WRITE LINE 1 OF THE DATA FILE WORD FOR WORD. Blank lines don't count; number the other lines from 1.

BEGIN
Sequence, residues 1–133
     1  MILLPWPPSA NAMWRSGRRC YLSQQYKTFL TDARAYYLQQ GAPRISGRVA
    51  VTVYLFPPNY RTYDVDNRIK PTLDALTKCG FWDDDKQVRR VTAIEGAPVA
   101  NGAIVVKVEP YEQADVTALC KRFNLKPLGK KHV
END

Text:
Sequence, residues 1–133